Your experience with Doyle Sails doesn't surprise me. They also seem to be very ridgid in what they will do in other locations, as well. I believe that they feel that they know better than their customers. It is really a shame, but it is understandable that Doyle should know more than most of their customers...in your case, they didn't...and rope does not equal foam! I suspect that they purposefully reduce options to be able to streamline production in their low-cost production facilities. And, how can you blame them when 80% of sails are purchased based on a combination of brand and price.

The choice of sailmakers, sailcloth, construction, and options is complex and is not generally boat specific. It's a combination of boat, sailing destinations, owner preference, required life expectancy of the sails, and specific owner preferences. I believe all of Henri's choices for the original standard suite of 5 sails for the SM was perfect for the vast majority of world cruising SM owners, and I believe a few improvements could have been made on subsequent models for world cruising.

Best,

CW Bill Rouse
Admiral, Texas Navy
Commander Emeritus
Amel School www.amelschool.com
720 Winnie St
Galveston Island, TX 77550
+1(832) 380-4970


On Fri, Apr 13, 2018, 14:35 Danny and Yvonne SIMMS simms@... [amelyachtowners] <amelyachtowners@...> wrote:
 

Hi Paul,

Going to windward, "more is less" in my opinion. Over-canvassed to windward is uncomfortable and inefficient. We have a heavy weather 90% jib with a high cut foot. Surprisingly going to windward In anything over 15 knots true it is as quick as the big genoa. But unless the windward work is long the effort of changing sails has me preferring to furl the genoa. .HOWEVER all sails are not created equal. I think this fact is partly why there are such differing opinions.

To have a genoa suitable to furl and use in strong winds to windward it needs to be made for the job. 1) The cloth must be heavy enough.Or be made of a robust fabric  2) The sailmaker needs to know what wind strength the sail will be used in, 3) the sail maker needs to know you intend to partly furl it for strong windward work. 3) The sail needs a properly designed foam padded luff. The cheap option of a rope sewn inside the luff is not acceptable.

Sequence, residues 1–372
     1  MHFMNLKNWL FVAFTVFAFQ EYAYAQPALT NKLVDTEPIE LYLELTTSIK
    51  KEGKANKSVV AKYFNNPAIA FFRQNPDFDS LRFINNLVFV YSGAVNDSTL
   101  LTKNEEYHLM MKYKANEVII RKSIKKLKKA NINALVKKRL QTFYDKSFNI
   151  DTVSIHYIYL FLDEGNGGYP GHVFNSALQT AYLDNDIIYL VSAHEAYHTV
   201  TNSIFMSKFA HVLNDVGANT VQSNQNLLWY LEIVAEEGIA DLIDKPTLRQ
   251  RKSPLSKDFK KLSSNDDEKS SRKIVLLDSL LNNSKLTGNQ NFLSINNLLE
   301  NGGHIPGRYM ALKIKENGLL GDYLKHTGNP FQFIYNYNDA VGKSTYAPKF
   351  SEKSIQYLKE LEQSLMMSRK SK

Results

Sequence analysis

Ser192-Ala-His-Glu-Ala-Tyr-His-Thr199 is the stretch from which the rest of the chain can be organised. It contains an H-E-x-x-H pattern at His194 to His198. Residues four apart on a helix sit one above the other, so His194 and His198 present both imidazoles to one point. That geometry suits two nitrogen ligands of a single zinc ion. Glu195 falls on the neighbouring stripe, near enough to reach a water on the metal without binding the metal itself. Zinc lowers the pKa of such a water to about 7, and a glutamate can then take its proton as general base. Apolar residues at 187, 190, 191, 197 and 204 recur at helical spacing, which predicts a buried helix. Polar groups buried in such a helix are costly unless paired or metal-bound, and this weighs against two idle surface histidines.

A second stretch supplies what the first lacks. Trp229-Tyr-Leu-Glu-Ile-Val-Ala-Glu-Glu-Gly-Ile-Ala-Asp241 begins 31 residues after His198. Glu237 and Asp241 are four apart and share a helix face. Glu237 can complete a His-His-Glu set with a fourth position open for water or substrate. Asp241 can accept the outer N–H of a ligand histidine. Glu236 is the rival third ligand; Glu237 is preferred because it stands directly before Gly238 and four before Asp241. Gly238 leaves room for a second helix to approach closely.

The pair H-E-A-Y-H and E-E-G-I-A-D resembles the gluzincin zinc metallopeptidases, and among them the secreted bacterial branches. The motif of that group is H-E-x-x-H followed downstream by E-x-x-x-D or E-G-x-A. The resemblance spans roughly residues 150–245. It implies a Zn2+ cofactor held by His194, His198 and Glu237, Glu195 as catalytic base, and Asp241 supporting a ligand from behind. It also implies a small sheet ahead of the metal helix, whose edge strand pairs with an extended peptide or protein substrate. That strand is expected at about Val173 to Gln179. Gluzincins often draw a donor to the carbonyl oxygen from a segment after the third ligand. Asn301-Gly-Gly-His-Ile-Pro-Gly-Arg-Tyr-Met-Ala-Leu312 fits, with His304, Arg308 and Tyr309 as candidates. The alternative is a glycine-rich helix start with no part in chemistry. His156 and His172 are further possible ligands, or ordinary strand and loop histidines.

Do the above and you will get a sail that will furl and retain a reasonable shape. Light cloth and no foam luff and you will have a sack, not a sail if you try to sail with it partly furled.

I gave Doyles in Auckland NZ these instructions when they made me a new genoa some years back. They used too light a cloth, and refused to put a foam luff in saying the rope option was just as good. The result: In light air up to 15 knots it was a beautiful sail. But in stronger wind a sail that distorted so badly they had to replace it. They fiddled around adjusting seams but in the end I had them on board in only 20 knots true and they gave up and made me a new sail. By the time it was made I was in Noumea and they had to ship it up to me.

Lastly, I agree with the comments regarding halyard tension and car position.

Regards

Danny. 

On 13 April 2018 at 22:48 "osterberg.paul.l@... [amelyachtowners]" <amelyachtowners@...> wrote:

 

 

Hello!

I’m curious how do you without a stay sail go upwind in true wind exceeding 25 knots, with occasional gusts of +30 knots, in reasonable comfort. We go comfortable up wind in 20 knots apparent wind with the full Genoa, but if gusts exceeding 24 knots apparent we are definitely over canvased. therefore we start to furl just before 20 knots apparent wind. When we encounter apparent wind of 30 knots we found very poor up wind performance with the Genoa heavily furled and VMG is very poor.

.

 

Paul on S/Y Kerpa SM#259

 


 


Re: [Amel Yacht Owners] Re: Jib Halyard Sheave

 

Eric, Duane, and others:

I changed mine and I am 99% sure that the axel was 10mm. (10mm = 3/8")


Best,

CW Bill Rouse
Admiral, Texas Navy
Commander Emeritus
Amel School www.amelschool.com
720 Winnie St
Galveston Island, TX 77550
+1(832) 380-4970


On Fri, Apr 13, 2018, 11:24 'sailormon' kimberlite@... [amelyachtowners] <amelyachtowners@...> wrote:
 

Duane,

The size of the hole in the sheave is probably metric.

I don’t recall where you are but it might be difficult to get it in the USA or English speaking countries.

I believe they are not expensive and I would go with Maud.

Fair Winds

Eric

Kimberlite Amel Super Maramu #376

 

 

From: amelyachtowners@... [mailto:amelyachtowners@...]
Sent: Friday, April 13, 2018 8:55 AM
To: amelyachtowners@...
Subject: [Amel Yacht Owners] Re: Jib Halyard Sheave

 

 

Eric,

 

I have not written Maude yet.  I was hoping Mark might be able to inform me of the sizes.  If Mark doesn't have the information, then I'll probably just go up and retrieve the sheaves and axle, bring them down and measure them.  There don't seem to be that many sizes of sheaves, so I may have to order from Maude anyway.

 

That's not so high on my priority list right now though.  I'm about 70% of the way through an all new electronics suite, although right now I'm sitting in a hotel room while the boat is being fumigated.  We have (hopefully "had") a rat on board and after trying to trap him for a month with every conceivable bait we finally went nuclear with fumigation.

 

Duane

Wanderer, SM#477